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1
broall wrote:
LamaSalah wrote:
Is x < y ?

(1) x^2 - y^2 < 0
(2) -x - y < 0

(1) \(x^2 < y^2 \iff |x| < |y|\)

We have \(3^2 < 5^2 \implies 3 < 5\)
However \(3^2 < (-5)^2 \implies 3 > - 5\).

Hence, insufficient.

(2) \(-x-y < 0 \implies x+y > 0\)

If x=5, y=2 then \(x+y>0\) and \(x>y\)
If x=-2, y=5 then \(x+y>0\) and \(x<y\).

Hence, insufficient.

Combine (1) and (2):
\((2) \implies x+y > 0\)
\((1) \implies (x-y)(x+y) < 0 \implies x-y < 0 \implies x<y\). Sufficient

-----------------------------------------

Can we write the first statement as -y<x<y
since (x+y)(x-y)<0, x falls in the range of -y and y.

This would make statement 1 alone sufficient to answer the question.

x^2 - y^2 < 0;

x^2 < y^2;

|x| < |y|.

This means that y is further from 0 than x is. Which is not enough to get whether x < y. Basically we can have the following cases:

----y----x----0--------------
----y---------0----x---------
---------x----0---------y----
--------------0----x----y----
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Re: Is x < y ? (1) x^2 - y^2 < 0 (2) -x - y < 0  [#permalink]

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LamaSalah wrote:
Is x < y ?

(1) x^2 - y^2 < 0
(2) -x - y < 0

i will also go with c as by using both the statement we can conclude whether x and y are positive and negative and then we can say x<y.
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Re: Is x < y ? (1) x^2 - y^2 < 0 (2) -x - y < 0  [#permalink]

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Hi ScottTargetTestPrep and Bunuel, thanks for your explanations.

What values could we plug into statement 2 to make it agree with the constraints?

I didn't think to multiply by -1, making it easier to eliminate statement 2, so I'm trying to see what I missed in my plug-in approach
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Joined: 02 Sep 2009
Posts: 64150
Re: Is x < y ? (1) x^2 - y^2 < 0 (2) -x - y < 0  [#permalink]

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dcummins wrote:
Hi ScottTargetTestPrep and Bunuel, thanks for your explanations.

What values could we plug into statement 2 to make it agree with the constraints?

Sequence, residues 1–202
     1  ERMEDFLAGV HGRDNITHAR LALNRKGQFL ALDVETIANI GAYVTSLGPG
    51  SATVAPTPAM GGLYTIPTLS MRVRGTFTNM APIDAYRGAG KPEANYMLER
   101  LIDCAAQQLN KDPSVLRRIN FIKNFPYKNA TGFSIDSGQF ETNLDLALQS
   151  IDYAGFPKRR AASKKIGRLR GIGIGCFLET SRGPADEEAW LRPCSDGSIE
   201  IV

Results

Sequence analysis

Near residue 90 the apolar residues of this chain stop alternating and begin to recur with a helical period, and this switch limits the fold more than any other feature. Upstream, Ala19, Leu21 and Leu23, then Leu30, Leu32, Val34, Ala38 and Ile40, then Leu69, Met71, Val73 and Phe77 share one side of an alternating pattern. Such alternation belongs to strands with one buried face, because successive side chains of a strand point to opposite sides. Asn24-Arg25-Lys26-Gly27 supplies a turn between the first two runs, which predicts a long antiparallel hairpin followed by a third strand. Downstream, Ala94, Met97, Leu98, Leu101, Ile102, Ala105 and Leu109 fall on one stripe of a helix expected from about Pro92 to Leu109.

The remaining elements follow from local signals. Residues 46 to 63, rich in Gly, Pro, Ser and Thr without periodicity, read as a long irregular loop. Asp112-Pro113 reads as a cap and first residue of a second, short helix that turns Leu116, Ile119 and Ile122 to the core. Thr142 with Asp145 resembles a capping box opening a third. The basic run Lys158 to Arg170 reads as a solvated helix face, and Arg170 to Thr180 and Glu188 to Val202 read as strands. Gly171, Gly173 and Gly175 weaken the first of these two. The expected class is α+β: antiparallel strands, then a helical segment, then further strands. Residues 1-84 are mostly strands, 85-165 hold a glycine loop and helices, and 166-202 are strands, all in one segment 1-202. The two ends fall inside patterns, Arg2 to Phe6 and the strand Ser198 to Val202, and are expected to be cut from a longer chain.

I didn't think to multiply by -1, making it easier to eliminate statement 2, so I'm trying to see what I missed in my plug-in approach

For (2) x = 1 and y = 2 gives an YES answer, while x = 2 and y = 1 gives a NO answer.
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WE: Management Consulting (Consulting)
Re: Is x < y ? (1) x^2 - y^2 < 0 (2) -x - y < 0  [#permalink]

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Bunuel wrote:
dcummins wrote:
Hi ScottTargetTestPrep and Bunuel, thanks for your explanations.

What values could we plug into statement 2 to make it agree with the constraints?

I didn't think to multiply by -1, making it easier to eliminate statement 2, so I'm trying to see what I missed in my plug-in approach

For (2) x = 1 and y = 2 gives an YES answer, while x = 2 and y = 1 gives a NO answer.

Damn. I realise how silly this mistake was. I didn't write "-" in front of the x i.e. -x-y so was wondering how the hell you could get x-y<0
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Here's how I went from 430 to 710, and how you can do it yourself:
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Re: Is x < y ? (1) x^2 - y^2 < 0 (2) -x - y < 0  [#permalink]

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dcummins wrote:
Hi ScottTargetTestPrep and Bunuel, thanks for your explanations.

What values could we plug into statement 2 to make it agree with the constraints?

I didn't think to multiply by -1, making it easier to eliminate statement 2, so I'm trying to see what I missed in my plug-in approach

Statement Two Alone:

-x - y < 0

We can multiply the inequality in statement two by -1, remembering to reverse the inequality sign, and obtain:

x + y > 0, or equivalently, 0 < x + y. However, we still cannot determine whether x > y.

For instance if x = 2 and y = 1, then x is greater than y; however if x = 1 and y = 2, then x is less than y. Statement two alone is not sufficient to answer the question.
_________________

# Scott Woodbury-Stewart

Founder and CEO

Scott@TargetTestPrep.com

See why Target Test Prep is the top rated GMAT quant course on GMAT Club. Read Our Reviews

If you find one of my posts helpful, please take a moment to click on the "Kudos" button.

Senior Manager  P
Joined: 09 Jan 2017
Posts: 314
Location: India
Re: Is x < y ? (1) x^2 - y^2 < 0 (2) -x - y < 0  [#permalink]

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ScottTargetTestPrep wrote:
dcummins wrote:
Hi ScottTargetTestPrep and Bunuel, thanks for your explanations.

What values could we plug into statement 2 to make it agree with the constraints?

I didn't think to multiply by -1, making it easier to eliminate statement 2, so I'm trying to see what I missed in my plug-in approach

Statement Two Alone:

-x - y < 0